A multicriteria approach was applied for the analysis, being based on different aspects that are important basis for the capability of installing a mobility hub. The analysis is based on service areas of 300 meters from each stop. For these service areas, inhabitants, workplaces, stores and shops, the cycling network, bus intervals, passenger frequency, number of interchangements as well as further points of interest (educational institutions, sights, hotels,…) were set as parameters for the suitability of stops as mobility hubs. The overall suitability for setting up a mobile hub for each service stop was calculated and displayed on a map. In addition, the 15 service stops were chosen as suggestion for establishment, taking also spatial distribution into consideration. The identified mobility hubs show good ratings in all applied parameters, so the intended differentiation of equipment for each stop was evitable.

Keywords: mobility hub, potential analysis, multicriteria approach

1 Introduction

Present service stops are analysed towards their potential as dealing or being upgraded to “mobility hubs” – public transit stops with additional functional and service facilities - keeping in mind that service stops of the future should not only serve as waiting points, but offer additional functionalities: To keep the bike safely locked when using combined transportation, to receive updated passenger information and the potential for having smart lockers for storing or receiving goods nearby.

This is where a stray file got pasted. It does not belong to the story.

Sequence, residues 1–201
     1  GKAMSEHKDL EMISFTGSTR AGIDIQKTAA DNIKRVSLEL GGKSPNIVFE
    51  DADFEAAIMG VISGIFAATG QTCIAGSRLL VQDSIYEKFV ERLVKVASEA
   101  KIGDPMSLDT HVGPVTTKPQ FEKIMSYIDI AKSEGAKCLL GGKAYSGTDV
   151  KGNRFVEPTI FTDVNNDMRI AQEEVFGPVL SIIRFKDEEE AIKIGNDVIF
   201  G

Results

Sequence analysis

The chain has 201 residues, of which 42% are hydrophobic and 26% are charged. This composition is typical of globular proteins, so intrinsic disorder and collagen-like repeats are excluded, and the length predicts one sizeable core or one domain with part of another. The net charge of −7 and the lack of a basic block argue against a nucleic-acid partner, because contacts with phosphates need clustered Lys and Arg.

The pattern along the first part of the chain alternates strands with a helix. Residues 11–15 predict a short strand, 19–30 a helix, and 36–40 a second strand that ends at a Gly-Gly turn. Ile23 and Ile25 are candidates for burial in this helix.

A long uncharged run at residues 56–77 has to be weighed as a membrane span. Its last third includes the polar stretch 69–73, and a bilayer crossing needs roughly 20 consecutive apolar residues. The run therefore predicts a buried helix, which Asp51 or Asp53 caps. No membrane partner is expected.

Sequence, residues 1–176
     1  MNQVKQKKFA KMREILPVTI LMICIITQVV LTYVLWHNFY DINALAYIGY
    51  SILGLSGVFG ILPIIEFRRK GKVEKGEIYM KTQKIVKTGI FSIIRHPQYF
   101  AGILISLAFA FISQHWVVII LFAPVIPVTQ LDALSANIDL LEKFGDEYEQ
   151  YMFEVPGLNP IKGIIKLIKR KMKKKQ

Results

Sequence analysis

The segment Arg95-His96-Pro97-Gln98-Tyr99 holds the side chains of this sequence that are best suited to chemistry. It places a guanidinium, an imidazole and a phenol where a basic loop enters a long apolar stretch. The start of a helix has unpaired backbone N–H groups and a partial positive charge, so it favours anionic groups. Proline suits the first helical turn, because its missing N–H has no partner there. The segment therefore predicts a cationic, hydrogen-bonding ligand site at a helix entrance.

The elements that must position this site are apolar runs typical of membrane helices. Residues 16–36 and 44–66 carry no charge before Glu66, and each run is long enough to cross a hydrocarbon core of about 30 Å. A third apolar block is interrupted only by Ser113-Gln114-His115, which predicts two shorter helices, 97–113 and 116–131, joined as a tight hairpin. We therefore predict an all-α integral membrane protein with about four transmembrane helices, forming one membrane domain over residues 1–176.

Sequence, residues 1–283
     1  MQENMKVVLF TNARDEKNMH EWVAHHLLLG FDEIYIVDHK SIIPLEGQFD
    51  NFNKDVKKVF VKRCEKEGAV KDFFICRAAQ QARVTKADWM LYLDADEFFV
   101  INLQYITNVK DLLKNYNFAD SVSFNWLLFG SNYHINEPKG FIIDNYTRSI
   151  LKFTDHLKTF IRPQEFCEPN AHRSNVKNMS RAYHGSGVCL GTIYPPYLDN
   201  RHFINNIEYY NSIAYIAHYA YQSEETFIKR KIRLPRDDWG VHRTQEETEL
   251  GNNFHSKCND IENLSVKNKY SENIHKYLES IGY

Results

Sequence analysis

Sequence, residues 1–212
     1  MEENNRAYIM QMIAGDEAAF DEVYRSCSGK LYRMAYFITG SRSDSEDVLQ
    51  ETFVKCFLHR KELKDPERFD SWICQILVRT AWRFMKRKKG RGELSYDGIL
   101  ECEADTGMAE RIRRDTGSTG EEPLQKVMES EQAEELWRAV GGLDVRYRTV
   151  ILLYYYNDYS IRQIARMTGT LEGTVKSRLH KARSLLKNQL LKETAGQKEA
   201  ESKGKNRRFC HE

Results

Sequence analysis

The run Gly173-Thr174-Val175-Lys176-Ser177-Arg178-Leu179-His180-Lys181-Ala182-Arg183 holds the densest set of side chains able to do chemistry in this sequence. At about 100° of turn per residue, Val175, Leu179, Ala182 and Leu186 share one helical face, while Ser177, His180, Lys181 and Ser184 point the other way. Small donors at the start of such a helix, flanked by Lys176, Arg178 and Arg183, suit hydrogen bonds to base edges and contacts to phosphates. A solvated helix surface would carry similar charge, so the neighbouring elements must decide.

A high share of motorized private transportation (45% modal split) lead to congestion, noise and air pollution while on the other hand share of public transport is moderate at about 15% (Stadt Salzburg, 2017). Negative impacts of private car use can be met by promoting the eco-friendly and multimodal mobility as competitive alternative.

The aim of promoting multimodal mobility, especially the combination of walking or cycling and taking means of public transportation derives from the concept of compact cities, also referred to as cities of short distances. The implementation of mobility hubs follows the idea of this concept that “urban activities should be located closer together to ensure better access to services and facilities via public transport, walking and cycling, and more efficient utility and infrastructure provision”(Kii and Doi 2005). The compact city is characterized by a relatively high density and mixed land-uses and is related to a range of concepts about urban form, traffic and liveability (Haase, Bauer et al. 2013). Thus, it relies on a well-functioning and efficient public transit system and an urban layout encouraging walking and cycling. Its design therefore supports low energy consumption and reduction of pollution (Dempsey 2010). These characteristics of compact cities are relevant and crucial when it comes to dealing with the issue of strong congestion in and around the city of Salzburg. Therefore, the conditions of the local environment as well as human scale factors are emphasized – and deal as parameters for our analysis, such as density of population, stores, points of interest or working opportunities. In its original form, the concept of compact cities is based on the idea of proximity, meaning that the daily needs of residents and workers are available within walking or short cycling distance (Haase, Bauer et al. 2013).